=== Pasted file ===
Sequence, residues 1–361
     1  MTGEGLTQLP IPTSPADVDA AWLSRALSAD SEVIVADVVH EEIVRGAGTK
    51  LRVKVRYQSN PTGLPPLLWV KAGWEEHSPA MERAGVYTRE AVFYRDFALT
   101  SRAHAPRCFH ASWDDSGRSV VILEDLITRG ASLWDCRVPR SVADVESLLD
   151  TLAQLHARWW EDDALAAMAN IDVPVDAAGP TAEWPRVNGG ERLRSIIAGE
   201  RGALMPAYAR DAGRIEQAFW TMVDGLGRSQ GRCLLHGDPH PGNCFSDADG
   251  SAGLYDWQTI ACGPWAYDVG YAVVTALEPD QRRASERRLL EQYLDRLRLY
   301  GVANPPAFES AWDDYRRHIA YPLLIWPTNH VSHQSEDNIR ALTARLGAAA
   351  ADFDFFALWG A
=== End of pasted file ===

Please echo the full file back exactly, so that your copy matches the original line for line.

Sequence, residues 1–361
     1  MTGEGLTQLP IPTSPADVDA AWLSRALSAD SEVIVADVVH EEIVRGAGTK
    51  LRVKVRYQSN PTGLPPLLWV KAGWEEHSPA MERAGVYTRE AVFYRDFALT
   101  SRAHAPRCFH ASWDDSGRSV VILEDLITRG ASLWDCRVPR SVADVESLLD
   151  TLAQLHARWW EDDALAAMAN IDVPVDAAGP TAEWPRVNGG ERLRSIIAGE
   201  RGALMPAYAR DAGRIEQAFW TMVDGLGRSQ GRCLLHGDPH PGNCFSDADG
   251  SAGLYDWQTI ACGPWAYDVG YAVVTALEPD QRRASERRLL EQYLDRLRLY
   301  GVANPPAFES AWDDYRRHIA YPLLIWPTNH VSHQSEDNIR ALTARLGAAA
   351  ADFDFFALWG A